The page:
Michael Bartolotto

Michael Bartolotto

Inspirational words for North Island students

NISS news, from students Carley Bobb and Nikole Klaric.

On Wednesday, November 28, we had an inspirational guest speaker, Michael Bortolotto, share his touching story with us. Using his experiences of growing up with Cerebral Palsy, he showed us how anything is possible as long as we are determined. He shared his ups, his downs, and most importantly his successes in life. He truly made me believe that anything is possible.

Michael was born with Cerebral Palsy which is a group of disorders that can involve brain and nervous system functions, such as movement, learning, hearing, seeing, and thinking. It can be caused by injuries to the brain. Most of these problems happen as the baby grows in the womb, but they can happen during the growth of the baby’s brain which can last up to two years. Michael was only affected by large and small muscle coordination and the clarity of his speech for many years — luckily he could hear and see very well. Years of physiotherapy, exercises, determination, courage, and dedication have helped him a great deal.

Michael grew up in the Sayward and Kelsey Bay area and loved having a “normal” life — fishing, hiking, biking, ice skating and chopping firewood with his family. It was not until he moved to Campbell River that he faced new challenges. Being different from the other kids, Michael was bullied all through school and found it difficult to make friends. He had trouble fitting in. Just holding a pencil was a struggle for him on the first day of school especially with all the other kids teasing him. He explained to us that, during lunch hour, he would stand at the wall and watch the other kids play together, wishing he could take part. “Go away we don’t play with idiots,” they would say to him. Even after graduating from South Gate Secondary School in 1981 and getting a diploma in both Recreation and Science from Malaspina University in 1987, he still had problems finding a job because he was disabled.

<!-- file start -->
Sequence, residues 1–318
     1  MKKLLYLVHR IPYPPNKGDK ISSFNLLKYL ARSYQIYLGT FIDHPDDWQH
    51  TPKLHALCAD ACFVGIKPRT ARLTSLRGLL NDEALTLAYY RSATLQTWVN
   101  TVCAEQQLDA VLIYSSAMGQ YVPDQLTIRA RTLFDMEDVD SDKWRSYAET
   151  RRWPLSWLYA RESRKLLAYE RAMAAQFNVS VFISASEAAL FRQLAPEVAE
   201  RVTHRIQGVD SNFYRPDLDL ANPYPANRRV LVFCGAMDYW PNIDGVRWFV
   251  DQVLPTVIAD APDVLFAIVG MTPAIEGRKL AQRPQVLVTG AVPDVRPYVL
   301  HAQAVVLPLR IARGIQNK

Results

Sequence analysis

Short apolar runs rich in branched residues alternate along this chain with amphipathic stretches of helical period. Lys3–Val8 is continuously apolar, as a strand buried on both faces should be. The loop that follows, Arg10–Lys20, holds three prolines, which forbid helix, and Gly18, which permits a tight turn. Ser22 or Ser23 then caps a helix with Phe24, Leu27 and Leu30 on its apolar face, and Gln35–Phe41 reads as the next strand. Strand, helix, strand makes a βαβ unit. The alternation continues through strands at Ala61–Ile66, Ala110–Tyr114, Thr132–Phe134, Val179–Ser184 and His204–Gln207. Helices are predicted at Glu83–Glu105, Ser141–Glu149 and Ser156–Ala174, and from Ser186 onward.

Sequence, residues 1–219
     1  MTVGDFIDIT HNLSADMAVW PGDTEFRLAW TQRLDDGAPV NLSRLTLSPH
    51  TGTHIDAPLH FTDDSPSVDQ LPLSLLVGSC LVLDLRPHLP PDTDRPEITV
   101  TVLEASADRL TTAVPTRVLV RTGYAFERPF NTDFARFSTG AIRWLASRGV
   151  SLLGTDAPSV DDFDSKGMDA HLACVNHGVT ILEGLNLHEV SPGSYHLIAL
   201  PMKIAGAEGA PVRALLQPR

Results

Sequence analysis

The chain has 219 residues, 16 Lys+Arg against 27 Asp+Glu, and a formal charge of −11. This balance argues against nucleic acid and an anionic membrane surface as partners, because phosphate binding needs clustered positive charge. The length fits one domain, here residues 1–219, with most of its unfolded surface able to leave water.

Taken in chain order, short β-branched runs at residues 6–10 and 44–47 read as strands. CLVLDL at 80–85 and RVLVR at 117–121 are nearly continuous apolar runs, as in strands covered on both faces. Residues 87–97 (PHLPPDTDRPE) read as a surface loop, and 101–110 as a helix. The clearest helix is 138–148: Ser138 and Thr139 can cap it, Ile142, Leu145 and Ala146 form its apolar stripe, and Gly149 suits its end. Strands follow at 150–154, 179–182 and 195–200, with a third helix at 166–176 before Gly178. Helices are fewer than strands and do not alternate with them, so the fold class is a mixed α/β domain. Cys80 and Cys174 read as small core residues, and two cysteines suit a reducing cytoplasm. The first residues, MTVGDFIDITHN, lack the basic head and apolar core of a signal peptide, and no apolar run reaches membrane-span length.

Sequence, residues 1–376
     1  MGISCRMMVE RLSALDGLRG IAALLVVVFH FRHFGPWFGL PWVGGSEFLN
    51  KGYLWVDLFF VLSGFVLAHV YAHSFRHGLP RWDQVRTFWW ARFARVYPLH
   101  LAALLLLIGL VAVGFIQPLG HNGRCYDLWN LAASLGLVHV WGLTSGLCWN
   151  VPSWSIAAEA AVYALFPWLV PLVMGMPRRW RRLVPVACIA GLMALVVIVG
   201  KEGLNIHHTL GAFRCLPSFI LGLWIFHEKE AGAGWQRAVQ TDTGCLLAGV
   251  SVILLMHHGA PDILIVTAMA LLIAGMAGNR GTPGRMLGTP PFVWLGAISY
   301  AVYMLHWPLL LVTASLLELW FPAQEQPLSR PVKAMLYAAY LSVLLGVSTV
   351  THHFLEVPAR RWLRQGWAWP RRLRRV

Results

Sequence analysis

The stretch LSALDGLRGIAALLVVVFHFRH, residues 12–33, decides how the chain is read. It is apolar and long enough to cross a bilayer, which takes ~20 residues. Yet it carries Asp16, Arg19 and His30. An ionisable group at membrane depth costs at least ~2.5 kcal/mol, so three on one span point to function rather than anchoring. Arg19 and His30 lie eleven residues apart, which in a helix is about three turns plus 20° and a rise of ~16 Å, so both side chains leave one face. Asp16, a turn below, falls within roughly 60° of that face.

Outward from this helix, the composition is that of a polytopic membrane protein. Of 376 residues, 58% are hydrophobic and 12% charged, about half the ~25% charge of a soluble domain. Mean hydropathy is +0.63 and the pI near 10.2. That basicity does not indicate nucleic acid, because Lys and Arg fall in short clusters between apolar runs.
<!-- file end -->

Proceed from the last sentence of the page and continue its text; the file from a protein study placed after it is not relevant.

Michael eventually lived on the streets of Nanaimo. “I had twenty dollars to my name,” he said. One day he received a phone call asking him to do a speech. His first thought was, “No way would I ever do that!” Then they told him how much they would pay him — he knew then it was the best thing to do. This was the day his life turned around. He began doing more speeches, and he was on his way to a new life. He is now married and has a three year old boy that challenges him everyday.

Michael showed us that we can face our everyday challenges as long as we follow three simple words: passion, talent, and action. Passion means finding your dreams and following them, talent means finding what you’re good at and combining the two. Action means doing something about it!

He then passed a football around the gym and told us that the doctors said he would never physically be able to catch a ball but there he was, doing it. He told us as soon as he surrounded himself with positive people, he believed in himself, and practiced. He was soon able to accomplish his wishes. He has given 2,600 speeches for more than 860,000 people in Canada and the United States of America. Michael won the Paul Harris award in 2002, joined his high school’s wall of fame in 2003, was voted a top citizen of Nanaimo in 2006, and was chosen top entrepreneur with a disability in British Columbia by Community Futures and Western Canadian Diversity Corporation in 2009.

Michael is walking and living proof that you can do anything you want to as long as you set your mind to it and believe in yourself. Michael also had a message for the people of the North Island. He said, “One of the gems of this community is the schools and the kids that go here. The youth are great people. Embrace each one the best and most you can. Follow your dreams and good luck.”

 

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